CONFIDENTIAL.] HOUSE OF REPRESENTATIVES, January 21, 1864 .
His Excellency President DAVIS:
MY DEAR SIR: I apprehend that in my interview with you yesterday I omitted to state with sufficient distinctness one important reason for the recent movement of the Virginia delegation.
There has been some discussion among the members of Congress in relation to the propriety of declaring by resolution that the country wants confidence in the cabinet a na administration. If such a resolution should be offered, and it is, I assure you, by no means improbable, we are satisfied that it will pass the House of Representatives by a vote of at least three-fourth of the members present. It was to prevent so distinct an issue between the executive and the legislative branches of the Government, nd to save you from a position so unpleasant as that would necessarily be, that your friends of the Virginia delegation thought it proper, as your friends, to advise you to anticipate that movement.
We hear daily of a rapid change for the worse in the public sentiment of the country, not only in other States, but here in our loved and honored Virginia. I am deeply pained to make the announcement, but it is necessary now that we should all stand face to face [sic] which surround us. I feel, altogether sure that something must be done, and that promptly, to restore confidence and refire the hopes, or else we may look for the worst result.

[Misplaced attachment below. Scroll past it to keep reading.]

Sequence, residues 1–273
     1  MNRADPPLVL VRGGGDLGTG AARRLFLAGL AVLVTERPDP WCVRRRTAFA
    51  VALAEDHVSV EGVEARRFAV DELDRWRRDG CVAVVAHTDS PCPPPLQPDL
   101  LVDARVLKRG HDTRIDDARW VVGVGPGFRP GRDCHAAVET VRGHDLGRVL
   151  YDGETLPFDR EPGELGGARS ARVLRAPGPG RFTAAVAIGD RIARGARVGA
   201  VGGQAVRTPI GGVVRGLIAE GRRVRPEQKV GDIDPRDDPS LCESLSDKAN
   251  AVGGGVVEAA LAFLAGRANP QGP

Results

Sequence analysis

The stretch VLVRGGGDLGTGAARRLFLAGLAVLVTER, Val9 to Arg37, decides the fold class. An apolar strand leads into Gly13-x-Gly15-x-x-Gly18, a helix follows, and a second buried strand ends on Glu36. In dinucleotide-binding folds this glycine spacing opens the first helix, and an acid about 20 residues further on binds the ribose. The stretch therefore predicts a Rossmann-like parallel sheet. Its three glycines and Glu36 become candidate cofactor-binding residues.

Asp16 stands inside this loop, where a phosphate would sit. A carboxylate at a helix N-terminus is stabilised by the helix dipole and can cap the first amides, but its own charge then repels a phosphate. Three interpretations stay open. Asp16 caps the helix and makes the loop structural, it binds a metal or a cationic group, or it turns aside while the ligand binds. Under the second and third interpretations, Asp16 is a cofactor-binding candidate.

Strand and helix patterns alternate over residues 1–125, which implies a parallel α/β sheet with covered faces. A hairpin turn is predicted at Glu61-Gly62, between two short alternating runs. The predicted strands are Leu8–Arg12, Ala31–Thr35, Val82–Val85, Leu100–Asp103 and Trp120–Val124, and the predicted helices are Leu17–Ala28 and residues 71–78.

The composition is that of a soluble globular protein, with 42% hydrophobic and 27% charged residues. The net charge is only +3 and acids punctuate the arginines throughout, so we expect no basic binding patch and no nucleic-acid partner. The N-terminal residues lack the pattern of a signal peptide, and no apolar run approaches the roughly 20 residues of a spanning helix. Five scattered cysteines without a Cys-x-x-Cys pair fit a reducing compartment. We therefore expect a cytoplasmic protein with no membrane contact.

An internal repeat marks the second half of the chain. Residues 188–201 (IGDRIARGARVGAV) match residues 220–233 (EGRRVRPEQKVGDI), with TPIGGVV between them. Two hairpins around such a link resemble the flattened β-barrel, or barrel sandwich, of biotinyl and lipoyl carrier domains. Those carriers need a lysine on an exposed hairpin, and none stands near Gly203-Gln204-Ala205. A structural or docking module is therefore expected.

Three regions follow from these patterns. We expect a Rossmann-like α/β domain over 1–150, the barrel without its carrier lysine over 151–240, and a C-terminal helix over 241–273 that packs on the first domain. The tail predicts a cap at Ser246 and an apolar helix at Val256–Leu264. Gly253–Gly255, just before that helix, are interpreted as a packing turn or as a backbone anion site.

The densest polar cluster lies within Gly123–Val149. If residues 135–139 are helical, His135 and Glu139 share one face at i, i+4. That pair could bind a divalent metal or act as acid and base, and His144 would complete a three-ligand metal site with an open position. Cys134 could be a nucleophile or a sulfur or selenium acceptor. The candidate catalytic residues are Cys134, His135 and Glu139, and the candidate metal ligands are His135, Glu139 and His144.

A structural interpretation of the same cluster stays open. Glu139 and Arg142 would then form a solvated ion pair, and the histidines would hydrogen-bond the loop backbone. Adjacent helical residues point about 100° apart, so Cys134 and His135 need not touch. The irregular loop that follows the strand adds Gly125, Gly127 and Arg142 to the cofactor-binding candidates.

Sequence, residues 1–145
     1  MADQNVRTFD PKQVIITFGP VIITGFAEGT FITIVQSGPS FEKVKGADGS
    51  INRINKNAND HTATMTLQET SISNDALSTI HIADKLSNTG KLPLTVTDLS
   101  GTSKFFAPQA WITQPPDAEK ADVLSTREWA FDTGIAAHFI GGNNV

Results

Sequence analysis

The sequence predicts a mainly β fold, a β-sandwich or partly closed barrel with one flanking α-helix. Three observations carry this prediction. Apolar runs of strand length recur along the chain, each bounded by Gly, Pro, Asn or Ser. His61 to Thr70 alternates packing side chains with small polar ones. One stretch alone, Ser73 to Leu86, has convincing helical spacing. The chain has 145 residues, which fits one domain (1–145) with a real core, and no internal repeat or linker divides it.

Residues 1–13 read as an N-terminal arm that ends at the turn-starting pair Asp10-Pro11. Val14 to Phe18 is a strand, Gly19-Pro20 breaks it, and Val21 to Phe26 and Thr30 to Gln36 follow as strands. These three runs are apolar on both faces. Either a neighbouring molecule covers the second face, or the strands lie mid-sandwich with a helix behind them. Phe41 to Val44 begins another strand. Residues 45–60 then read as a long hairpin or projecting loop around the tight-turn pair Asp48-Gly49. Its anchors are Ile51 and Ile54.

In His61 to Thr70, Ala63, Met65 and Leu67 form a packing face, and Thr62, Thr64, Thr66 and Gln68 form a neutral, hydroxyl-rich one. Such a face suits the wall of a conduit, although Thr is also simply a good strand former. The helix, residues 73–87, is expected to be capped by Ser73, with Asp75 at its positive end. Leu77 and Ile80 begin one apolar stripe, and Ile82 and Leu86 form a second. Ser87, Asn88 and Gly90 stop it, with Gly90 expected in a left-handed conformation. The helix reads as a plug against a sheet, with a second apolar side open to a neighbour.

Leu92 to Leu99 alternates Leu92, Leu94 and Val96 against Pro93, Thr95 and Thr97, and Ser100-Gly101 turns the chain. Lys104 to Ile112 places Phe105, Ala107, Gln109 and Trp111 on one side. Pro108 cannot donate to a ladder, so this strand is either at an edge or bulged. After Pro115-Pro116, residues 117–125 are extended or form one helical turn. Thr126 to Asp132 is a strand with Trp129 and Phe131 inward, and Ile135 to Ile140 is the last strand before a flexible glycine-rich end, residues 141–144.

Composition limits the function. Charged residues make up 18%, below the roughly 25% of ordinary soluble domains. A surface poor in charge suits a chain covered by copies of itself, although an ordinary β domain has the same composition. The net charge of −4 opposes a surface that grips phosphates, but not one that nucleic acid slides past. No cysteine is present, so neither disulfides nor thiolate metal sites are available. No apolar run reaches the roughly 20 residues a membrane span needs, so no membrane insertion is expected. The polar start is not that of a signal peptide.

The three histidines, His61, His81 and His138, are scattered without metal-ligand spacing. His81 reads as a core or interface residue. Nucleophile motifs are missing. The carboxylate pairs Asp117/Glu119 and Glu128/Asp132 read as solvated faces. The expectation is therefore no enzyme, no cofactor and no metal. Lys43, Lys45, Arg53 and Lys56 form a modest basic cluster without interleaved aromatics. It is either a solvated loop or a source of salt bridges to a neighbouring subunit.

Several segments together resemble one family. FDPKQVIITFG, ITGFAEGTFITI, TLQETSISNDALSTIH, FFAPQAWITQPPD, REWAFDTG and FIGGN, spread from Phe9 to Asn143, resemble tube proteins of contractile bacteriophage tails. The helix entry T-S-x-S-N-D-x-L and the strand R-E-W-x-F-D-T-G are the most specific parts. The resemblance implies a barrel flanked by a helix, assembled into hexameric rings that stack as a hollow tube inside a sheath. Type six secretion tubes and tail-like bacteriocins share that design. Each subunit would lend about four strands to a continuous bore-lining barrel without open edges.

Assuring you again of the kinder regards of those with whom and for whom I act,
I remain, very sincerely, yours,
THOMAS S. BOCOCK.
Thomas S. Bocock about the advice volunteered to Executive by himself and others, and changing somewhat the position taken in conversation. It now is a warning, if not a threat.
RICHMOND, VA., January 21, 1865.
General R. E. LEE, Petersburg, Va.:
If the circumstances permit I would be glad to have a personal interview with you.
HEADQUARTERS, January 21, 1865. (Received 12 o'clock.)
Honorable J. A. SEDDON:
General Bragg reports that a number of the enemy's gun-boats re in the Cape Fear from Fort Fisher down, but no attempt to ascend has been made. A heavy demonstration was made against our lines at Sugar Loaf on the 19th, which was easily repulsed.
R. E. LEE.